Too bad Trudeau's take on the oil sands isn't realistic; many people would like to have both bitumen exports "for centuries' (isn't that what he said earlier this month?) and real action on climate change. It just isn't possible to have our cake and eat it too, in this case.

Completing the Keystone, expanding the Kindermorgan commits us to 40 years of increased production in the tar sands. Its been known for over a century that efficiencies don't change the CO2 climb, because what we save in one area, we erase with increased production. Its called the Jevon's paradox, I believe, though I may have the spelling incorrect. It's why 'the low hanging fruit' of energy efficiency is a canard. We might feel good about doing it better, but it doesn't cut emissions in any significant way.

One last point i discovered recently. Forty years of shipping the number of barrels a day they are salivating over now, means fracking every little cavity in the deep earth that might hold some natural gas or sweet light crude. Because those bitumen pipes clog up without gaseous hydrocarbons, and the sad truth is this.

Most of the easy to get sweet light crude and natural gas in Alberta is gone. Dug up, burned, piped south.

I too wonder if Justin is a liar or confused. I suspect its a bit of both. He and Rachel are in a tight spot. Albertans are hurting, and we have been profligate with our good fortune, not national benefactors as we like to paint it.
The temptation is to let the planet take one more for the 'team'.

But I'm not on that team. And nor are my grandchildren, or all my beloved relations. I can live with much less, so long as I can breathe the air and drink the water. Business as usual in this country makes those minimal requirements problematical.

The UN issued a report last year saying that even if every country kept to the (non-binding and unenforceable) Paris Agreement, that would only be 50% of the cuts needed to keep below 2 degrees of warming. The melting is accelerating beyond science's worst predictions and we have already experienced what they expected wouldn't happen for at least 30 years. There is absolutely zero room for increasing the output from hydrocarbons. Full stop. It is time to unplug most of the gadgets, share vehicles, get bicycle programs and walking a lot more. Stop subsidizing O&G and invest in solar on buildings (as opposed to destroying more land for them) and small- scale locally owned biomass, geothermal, etc. But not bird killing mega turbines or fish killing dams. There is no preserving the environment if any of these projects are built and the absolute spineless, wobbly-legged decisions being made are a threat to all life in this planet. The issue with most of those complaining in AB is that they refuse to work for regular pay and demand the six-figure pay they once had. Those same employers are now paying much less, which angers those still working. The AB government is angry because they inherited a broke, addicted, province that blew every dime of revenue for decades and has very little to show for it. Continuing to enable these addictions only makes it worse for everyone. The time to transition is NOW.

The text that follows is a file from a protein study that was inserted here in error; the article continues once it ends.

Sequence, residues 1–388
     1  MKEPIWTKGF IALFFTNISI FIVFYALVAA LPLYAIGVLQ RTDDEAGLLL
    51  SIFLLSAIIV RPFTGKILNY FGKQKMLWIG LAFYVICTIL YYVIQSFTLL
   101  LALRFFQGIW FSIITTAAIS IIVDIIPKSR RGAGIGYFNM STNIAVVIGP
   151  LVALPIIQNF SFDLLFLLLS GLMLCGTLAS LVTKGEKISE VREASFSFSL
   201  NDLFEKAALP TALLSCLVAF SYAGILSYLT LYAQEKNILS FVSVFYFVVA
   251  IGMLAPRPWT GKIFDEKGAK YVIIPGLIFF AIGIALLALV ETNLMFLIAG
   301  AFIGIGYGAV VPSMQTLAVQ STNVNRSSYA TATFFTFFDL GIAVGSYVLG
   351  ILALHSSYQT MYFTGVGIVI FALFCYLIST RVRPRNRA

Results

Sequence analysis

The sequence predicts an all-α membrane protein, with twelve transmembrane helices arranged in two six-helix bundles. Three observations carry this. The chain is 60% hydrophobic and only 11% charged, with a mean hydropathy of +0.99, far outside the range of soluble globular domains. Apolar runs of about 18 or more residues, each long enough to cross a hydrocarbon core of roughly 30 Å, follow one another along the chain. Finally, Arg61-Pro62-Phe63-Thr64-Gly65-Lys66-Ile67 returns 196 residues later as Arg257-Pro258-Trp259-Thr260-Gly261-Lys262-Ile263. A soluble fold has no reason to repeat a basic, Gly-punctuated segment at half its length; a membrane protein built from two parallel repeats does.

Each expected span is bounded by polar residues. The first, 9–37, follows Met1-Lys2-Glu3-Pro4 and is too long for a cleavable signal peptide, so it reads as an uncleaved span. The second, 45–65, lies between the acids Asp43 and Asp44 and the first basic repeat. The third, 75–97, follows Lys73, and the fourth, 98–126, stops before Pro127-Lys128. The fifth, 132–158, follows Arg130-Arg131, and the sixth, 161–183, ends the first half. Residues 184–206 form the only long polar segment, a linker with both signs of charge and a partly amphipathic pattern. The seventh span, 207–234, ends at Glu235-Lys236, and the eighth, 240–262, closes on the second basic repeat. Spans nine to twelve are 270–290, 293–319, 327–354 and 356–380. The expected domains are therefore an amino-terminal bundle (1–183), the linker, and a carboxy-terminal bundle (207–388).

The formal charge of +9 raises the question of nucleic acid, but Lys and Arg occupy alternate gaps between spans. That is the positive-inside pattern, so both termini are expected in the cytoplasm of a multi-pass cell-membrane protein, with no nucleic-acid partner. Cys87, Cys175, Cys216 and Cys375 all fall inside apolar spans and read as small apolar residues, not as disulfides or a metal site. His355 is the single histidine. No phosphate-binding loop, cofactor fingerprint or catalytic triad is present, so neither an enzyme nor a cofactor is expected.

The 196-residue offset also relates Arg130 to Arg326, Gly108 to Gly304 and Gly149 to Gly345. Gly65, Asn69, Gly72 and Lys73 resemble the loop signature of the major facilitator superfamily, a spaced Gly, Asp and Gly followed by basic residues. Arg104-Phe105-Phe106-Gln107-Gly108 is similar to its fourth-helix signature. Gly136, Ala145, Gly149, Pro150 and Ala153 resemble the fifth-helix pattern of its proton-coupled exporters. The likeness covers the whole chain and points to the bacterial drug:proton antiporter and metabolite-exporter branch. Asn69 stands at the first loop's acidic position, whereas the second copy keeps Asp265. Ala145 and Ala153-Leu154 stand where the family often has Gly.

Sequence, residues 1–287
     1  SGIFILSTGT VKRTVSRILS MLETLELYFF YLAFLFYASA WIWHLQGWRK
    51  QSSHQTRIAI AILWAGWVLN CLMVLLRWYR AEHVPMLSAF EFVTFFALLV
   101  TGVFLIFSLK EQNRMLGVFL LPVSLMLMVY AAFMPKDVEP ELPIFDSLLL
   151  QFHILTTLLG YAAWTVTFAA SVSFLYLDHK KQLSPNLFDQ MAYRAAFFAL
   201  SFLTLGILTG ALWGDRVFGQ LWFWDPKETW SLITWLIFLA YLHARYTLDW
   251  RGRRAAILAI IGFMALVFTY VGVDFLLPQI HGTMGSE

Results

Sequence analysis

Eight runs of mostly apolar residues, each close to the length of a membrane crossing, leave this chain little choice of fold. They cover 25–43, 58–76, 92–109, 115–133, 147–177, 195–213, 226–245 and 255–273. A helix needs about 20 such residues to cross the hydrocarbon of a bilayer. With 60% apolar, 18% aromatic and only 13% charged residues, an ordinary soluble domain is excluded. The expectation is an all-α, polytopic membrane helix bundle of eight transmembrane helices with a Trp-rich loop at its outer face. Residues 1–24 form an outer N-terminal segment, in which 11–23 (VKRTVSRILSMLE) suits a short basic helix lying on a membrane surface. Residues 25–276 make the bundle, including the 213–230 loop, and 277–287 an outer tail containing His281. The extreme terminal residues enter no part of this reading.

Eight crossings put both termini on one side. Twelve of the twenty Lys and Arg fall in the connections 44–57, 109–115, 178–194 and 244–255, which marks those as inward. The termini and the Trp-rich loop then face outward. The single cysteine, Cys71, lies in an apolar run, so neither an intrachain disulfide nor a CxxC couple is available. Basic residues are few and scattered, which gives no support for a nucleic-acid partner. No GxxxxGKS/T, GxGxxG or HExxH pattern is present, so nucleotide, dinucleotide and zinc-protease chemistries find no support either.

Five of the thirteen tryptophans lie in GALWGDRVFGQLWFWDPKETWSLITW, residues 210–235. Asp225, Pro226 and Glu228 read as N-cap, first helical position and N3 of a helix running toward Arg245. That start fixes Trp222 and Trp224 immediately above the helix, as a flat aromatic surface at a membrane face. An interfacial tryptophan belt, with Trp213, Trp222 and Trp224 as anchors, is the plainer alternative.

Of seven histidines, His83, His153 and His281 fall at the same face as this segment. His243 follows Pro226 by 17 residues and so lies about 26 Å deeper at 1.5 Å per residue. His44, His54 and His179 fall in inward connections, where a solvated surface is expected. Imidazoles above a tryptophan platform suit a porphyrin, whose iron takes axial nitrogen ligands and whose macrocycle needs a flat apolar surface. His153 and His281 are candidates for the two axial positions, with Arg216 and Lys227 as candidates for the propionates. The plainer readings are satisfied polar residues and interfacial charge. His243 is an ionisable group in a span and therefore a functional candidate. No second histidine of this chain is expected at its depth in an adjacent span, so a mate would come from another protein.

"Like much of the province, Calgary has been hammered by slumping global commodity prices that have led to bankruptcies and tens of thousands of layoffs."

Yes, absolutely Calgary has been hammered. Ur...uh... well, the working people of Calgary and Alberta have been hammered. There is another Calgary that has not been hammered: the oil % gas CEOs, company board members, and principle shareholders (e.g., Koch brothers). Nope, they're doing just fine, even though--geniuses that they are--they over-built, over-drilled, and over-mined, over-fracked oil and gas and, thereby, crashed the price of oil.

Same thing happened when Wall Street brought on an economic disaster and almost completely crashed the world economy. Main street suffered. Man street bailed them out. But they still got their multiple million bonuses.

Understand this: our political economic system serves the corporations and super rich.